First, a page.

We read that the widely held belief God, Jesus Christ, and the Holy Ghost are three persons in one is not a Bible teaching, and that it most likely began at the council of Nicaea in the third Century where, Constantine, the emperor of Rome, wanted to solidify his empire.
Years later when I was able to talk about it I put those facts to a person who led a congregation of people in a popular Christian religion. Her reply was what difference did it make.
When I first studied, little things kept piling up until finally it was just like a break in the dam. I wanted to leave it alone. On some days when the Jehovah’s Witness lady was coming if there was a button to push to have her not come, I would have pushed it.
She brought me an article about someone who dropped bombs on people living in Dresden, Germany during World War II. That someone was from England and between the times he dropped bombs he asked a chaplain whose side is God on? The chaplain said God was on their side. The man wondered to himself why the German soldiers had the words “God is with us” inscribed on their belt buckle. They also thought God was on their side.
The man became an atheist, and long after the war, two Jehovah’s witnesses knocked on his door. He asked them the same question expecting the same answer. He asked whose side is God on? They flipped through the pages of the Bible and read these words spoken by Christ to his followers, “I am giving you a new commandment, that you love one another; just as I have loved you, that you also love one another. By this all will know that you are my disciples, if you have love among yourselves.”
Also, She told me a story she heard from what she called a spiritual sister. The sister was talking to a woman at the woman’s front door. The woman said, “The name Jehovah doesn’t appear in my Bible”. The sister said, “Maybe it does, why don’t you go get your Bible and let’s see.” The woman left and returned with her Bible. The sister knew in that translation the name Jehovah appeared three times. She found one of the places in the 83rd Psalm. The woman took the Bible back, ripped the page out, snapped it closed and said; “Now it doesn’t say that.” Later on I was with a spiritual brother who said it was a general rule that if a person wasn’t humble, honest, and hungry they would believe what they wanted, and no amount of reason would change that fact. The weight of time has caused many ideas to become traditions. The origin of the tradition is of little concern.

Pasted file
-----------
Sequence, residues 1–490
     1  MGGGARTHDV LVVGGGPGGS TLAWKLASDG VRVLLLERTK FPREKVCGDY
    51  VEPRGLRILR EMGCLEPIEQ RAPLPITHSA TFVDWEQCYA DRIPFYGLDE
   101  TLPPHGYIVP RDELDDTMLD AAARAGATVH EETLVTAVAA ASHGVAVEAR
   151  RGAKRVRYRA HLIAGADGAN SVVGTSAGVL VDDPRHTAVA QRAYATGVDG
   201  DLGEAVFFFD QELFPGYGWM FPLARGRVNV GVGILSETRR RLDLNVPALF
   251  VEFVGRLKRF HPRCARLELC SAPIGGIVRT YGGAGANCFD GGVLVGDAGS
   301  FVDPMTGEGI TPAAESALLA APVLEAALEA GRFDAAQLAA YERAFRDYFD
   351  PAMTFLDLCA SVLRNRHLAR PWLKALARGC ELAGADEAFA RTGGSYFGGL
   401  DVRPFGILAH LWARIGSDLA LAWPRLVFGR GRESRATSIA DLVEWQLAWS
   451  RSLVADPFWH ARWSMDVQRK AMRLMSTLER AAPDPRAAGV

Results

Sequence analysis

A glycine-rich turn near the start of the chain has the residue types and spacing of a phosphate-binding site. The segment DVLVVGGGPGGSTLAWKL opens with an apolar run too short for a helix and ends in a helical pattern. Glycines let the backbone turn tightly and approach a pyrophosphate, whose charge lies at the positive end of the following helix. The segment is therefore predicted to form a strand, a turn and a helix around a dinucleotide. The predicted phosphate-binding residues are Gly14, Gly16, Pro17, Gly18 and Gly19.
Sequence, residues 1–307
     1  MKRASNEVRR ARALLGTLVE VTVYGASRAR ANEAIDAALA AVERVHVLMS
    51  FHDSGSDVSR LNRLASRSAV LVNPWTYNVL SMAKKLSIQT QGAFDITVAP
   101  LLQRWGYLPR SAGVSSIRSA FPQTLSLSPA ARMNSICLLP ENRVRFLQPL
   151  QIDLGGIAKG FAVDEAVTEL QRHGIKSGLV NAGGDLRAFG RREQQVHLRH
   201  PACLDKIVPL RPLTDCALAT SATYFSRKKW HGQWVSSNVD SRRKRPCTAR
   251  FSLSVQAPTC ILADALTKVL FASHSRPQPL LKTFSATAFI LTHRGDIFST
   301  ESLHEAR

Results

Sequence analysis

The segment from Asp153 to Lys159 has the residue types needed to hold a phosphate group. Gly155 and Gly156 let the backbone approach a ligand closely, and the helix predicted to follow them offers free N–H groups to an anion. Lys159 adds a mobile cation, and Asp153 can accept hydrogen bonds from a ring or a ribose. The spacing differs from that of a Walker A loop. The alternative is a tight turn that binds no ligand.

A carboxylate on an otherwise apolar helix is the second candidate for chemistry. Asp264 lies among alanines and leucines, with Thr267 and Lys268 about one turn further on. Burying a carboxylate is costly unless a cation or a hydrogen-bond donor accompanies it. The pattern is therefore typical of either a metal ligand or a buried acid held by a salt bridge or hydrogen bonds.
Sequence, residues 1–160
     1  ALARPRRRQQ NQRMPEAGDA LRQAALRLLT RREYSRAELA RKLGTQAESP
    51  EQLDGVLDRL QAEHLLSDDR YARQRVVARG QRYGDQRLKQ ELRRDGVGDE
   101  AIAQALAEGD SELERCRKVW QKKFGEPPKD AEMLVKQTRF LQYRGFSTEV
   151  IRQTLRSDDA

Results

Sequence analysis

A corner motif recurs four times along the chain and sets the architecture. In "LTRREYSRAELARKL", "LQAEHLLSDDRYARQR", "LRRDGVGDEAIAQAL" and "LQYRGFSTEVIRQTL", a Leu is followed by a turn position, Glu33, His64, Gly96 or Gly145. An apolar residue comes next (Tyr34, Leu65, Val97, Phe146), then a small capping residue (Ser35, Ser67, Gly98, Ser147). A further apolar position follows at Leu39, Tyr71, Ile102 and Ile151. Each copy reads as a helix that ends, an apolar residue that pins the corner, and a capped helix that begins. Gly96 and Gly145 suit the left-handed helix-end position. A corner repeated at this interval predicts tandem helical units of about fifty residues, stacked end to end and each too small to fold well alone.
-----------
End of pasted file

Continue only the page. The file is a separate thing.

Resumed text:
The Bible was first written in Hebrew and Greek, and while there are no original manuscripts that exist, the earliest known copies give almighty God a proper name, which first appeared thousands of times in the earliest known transcripts. In South America the name, Jehovah, was on a building block of a church constructed long before there was a religious sect called Jehovah’s Witnesses. After a photograph of it appeared in a Jehovah’s Witness magazine it was removed, presumably by the hierarchy of that church. In recent years many translators have completely deleted the name of the Christian God. Why is a matter of speculation. Ask a Jehovah’s Witness and without much hesitation they will answer in one way or another that Satan makes them do it. The Bible says much about Satan. Mainly Satan is misleading the entire inhabited earth.
More than anything else what happens after death was different from what I had heard. Most of my questions at first were about what happens after death. When it became overwhelming I put the issue aside. What was going to happen was going to happen. I was more interested in living day to day around here. I saw no sense getting worked up thinking about what happens after death. If I was in the next life, that would be icing on the cake, or, maybe this is the icing and “that which is to come” is the cake.
The only time I had these thoughts was when the Jehovah’s Witness lady came, but I kept them to myself. I didn’t think there were any easy answers. I didn’t think any of what I was learning had any tremendous importance simply because no one else did.
When I bought the motorcycle I was in a club of people who had one or more motorcycles made by the same company that made mine. A newsletter from them said there was going to be a two-day meeting the last weekend in April beside the Snake River near Cape Girardeau, Missouri. That was several hundred miles from where I lived. I was itching to travel on my motorcycle. It was shined up under a cover in the Apple Barn. Spring was coming. I made plans to go.